Livestrong became Armstrong's legacy after his cycling career ended. After beating testicular cancer that later spread to his brain, Armstrong was the face of Livestrong. However, according to Anderson, it sounds like Armstrong didn't go into the events with a very open and generous attitude. Anderson allegedly heard Armstrong say "I hate these f*cking events" to himself at a Livestrong event where he was giving a speech. 

  • Armstrong Backed Out On A Promise To Help Anderson Open A Bike Shop

    Anderson had a simple dream: to open his own bike shop. When he started working for Armstrong, Anderson claims Armstrong agreed verbally and in writing to one day provide the funds to make that dream a reality and endorse the shop.

    After Anderson was fired, he was asked to sign a nondisclosure agreement. The NDA stated that Anderson would owe a hefty sum of money if he ever spoke about working for Armstrong in any capacity, which was a blow to his bike shop dream. If he couldn't say he worked with Armstrong, how could his shop get an endorsement? Anderson wouldn't sign. He wanted to speak with Armstrong about his promise. 

    When Armstrong called him, Armstrong told him to "cut this sh*t out." Armstrong said that there was no deal and accused him of extortion. Armstrong gave Anderson an ultimatum: sign the NDA and receive two months salary, or never work in the bike industry again.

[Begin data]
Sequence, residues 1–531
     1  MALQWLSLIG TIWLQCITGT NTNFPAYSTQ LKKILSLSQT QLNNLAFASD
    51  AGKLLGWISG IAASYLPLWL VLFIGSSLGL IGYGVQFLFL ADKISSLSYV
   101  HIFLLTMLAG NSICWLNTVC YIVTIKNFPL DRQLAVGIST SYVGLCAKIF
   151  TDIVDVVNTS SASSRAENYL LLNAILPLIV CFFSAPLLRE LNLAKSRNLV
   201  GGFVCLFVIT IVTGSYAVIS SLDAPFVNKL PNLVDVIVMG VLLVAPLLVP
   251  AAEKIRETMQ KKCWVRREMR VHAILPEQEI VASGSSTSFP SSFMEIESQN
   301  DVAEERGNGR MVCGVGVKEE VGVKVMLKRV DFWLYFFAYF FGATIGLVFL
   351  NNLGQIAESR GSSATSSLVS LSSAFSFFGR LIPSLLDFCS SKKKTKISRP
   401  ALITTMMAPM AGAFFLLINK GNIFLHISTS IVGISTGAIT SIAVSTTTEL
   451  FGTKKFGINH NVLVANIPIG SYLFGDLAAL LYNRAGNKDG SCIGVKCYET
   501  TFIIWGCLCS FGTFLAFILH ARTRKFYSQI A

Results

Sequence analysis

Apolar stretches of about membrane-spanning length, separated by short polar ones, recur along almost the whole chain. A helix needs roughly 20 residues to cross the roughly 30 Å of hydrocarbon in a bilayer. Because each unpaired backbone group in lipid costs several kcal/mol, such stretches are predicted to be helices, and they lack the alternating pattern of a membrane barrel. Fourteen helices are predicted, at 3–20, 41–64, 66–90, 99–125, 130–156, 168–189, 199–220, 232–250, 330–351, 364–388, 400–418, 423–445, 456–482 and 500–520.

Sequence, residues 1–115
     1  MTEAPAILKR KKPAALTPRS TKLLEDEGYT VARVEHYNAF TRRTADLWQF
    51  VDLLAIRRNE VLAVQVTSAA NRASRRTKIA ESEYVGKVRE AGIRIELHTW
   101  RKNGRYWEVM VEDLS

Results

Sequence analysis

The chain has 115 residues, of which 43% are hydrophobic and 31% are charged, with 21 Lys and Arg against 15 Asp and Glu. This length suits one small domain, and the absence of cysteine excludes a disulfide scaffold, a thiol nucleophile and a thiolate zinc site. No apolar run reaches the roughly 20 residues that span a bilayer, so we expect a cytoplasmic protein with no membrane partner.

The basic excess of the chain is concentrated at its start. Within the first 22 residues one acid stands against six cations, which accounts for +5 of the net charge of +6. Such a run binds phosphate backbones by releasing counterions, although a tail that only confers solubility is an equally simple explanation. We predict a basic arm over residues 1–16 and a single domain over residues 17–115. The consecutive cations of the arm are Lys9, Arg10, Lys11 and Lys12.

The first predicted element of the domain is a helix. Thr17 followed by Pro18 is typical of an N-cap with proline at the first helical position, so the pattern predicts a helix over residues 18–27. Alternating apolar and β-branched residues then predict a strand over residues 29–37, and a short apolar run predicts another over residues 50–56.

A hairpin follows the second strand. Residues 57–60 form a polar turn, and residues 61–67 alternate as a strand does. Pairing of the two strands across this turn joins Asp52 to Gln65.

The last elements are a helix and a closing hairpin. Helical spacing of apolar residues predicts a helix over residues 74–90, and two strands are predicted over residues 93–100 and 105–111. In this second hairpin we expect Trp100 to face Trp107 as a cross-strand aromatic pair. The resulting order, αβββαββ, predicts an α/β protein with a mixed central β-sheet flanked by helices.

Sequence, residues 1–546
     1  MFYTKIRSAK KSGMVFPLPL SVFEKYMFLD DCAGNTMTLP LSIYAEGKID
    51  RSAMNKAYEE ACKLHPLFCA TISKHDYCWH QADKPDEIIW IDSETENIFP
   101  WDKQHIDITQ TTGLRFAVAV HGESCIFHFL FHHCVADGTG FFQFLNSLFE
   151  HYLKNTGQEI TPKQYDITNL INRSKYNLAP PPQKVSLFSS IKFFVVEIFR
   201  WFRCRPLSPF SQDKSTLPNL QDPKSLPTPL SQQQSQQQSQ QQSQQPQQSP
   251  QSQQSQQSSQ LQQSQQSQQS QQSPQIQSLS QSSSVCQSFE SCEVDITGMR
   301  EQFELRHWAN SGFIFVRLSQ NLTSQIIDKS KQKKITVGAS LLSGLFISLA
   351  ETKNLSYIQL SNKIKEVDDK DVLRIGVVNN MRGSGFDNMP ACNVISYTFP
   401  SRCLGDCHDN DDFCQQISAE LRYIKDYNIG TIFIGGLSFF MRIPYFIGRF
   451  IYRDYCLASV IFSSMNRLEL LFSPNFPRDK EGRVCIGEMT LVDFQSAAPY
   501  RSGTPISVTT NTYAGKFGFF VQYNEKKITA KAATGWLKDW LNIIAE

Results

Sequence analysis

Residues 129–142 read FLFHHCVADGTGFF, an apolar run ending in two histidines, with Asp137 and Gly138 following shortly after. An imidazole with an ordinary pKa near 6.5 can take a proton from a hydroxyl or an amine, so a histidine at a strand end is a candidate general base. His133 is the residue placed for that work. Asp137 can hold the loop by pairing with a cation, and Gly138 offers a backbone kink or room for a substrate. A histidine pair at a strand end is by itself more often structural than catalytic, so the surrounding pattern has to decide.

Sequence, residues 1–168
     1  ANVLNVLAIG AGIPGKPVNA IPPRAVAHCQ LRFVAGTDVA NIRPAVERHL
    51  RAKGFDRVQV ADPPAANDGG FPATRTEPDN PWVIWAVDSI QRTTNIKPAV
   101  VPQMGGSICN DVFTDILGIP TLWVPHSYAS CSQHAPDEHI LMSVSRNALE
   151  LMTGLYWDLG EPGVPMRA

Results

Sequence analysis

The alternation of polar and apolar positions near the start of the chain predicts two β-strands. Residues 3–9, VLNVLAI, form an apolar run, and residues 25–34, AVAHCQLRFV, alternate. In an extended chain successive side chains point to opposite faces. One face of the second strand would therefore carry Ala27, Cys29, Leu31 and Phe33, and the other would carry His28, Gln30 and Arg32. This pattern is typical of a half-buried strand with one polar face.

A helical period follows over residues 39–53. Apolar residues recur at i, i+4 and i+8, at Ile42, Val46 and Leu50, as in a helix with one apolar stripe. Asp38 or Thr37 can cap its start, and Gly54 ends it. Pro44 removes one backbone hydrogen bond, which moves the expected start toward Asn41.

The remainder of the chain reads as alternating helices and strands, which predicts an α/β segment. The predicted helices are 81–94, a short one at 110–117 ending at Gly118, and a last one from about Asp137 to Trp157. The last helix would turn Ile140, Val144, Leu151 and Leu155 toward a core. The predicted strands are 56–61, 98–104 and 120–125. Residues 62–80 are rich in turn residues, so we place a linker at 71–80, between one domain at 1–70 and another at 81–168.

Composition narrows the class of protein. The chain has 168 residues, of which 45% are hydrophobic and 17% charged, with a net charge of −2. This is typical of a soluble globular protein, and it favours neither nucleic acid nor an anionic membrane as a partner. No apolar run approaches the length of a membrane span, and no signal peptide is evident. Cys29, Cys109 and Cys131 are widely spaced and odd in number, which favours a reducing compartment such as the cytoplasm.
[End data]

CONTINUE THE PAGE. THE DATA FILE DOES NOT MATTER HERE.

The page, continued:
• Armstrong Played Dirty In Court With His Former Assistant

    Anderson got a lawyer as his disagreement with Armstrong escalated, which prompted Armstrong to "start World War III." Anderson's lawyer gave Armstrong's team a settlement offer stamped "confidential," but Armstrong leaked it to the media. Then, one of Armstrong's attorneys called Anderson a mere landscaper and claimed that the entire situation was a shakedown. When journalists asked Armstrong about Anderson, they received a sheet from Armstrong's team called "Anderson's Complete Lack of Credibility."

    Armstrong filed a suit, Anderson filed a countersuit, and the conflict continued in court for ten months. It only ended when both sides agreed to a confidential settlement. 

  • Armstrong's Team May Have Helped Him Evade Doping Tests

    Armstrong's Team May Have Helped Him Evade Doping Tests
    Photo: Kingchief / flickr / CC-BY 2.0

    For certain elite athletes, the World Anti-Doping Association (WADA) tracks more than just their biochemistry to prevent doping. Armstrong was required to pass random "whereabouts checks" to make sure he was providing accurate information about where he was at all times.

    In 2004, Anderson claims Armstrong was traveling with Sheryl Crow, his girlfriend at the time, when WADA officials arrived for a surprise whereabouts check at his Austin, TX, home. Instead of accepting a non-analytical positive result for missing the check, Anderson said two of Armstrong's associates picked up Armstrong's SUV from the airport and drove it back to his ranch to make the WADA representatives think he was home. It may have been an innocuous situation to cover up, but it showed Anderson how quickly Armstrong and his team were ready to sneak around anti-doping regulations.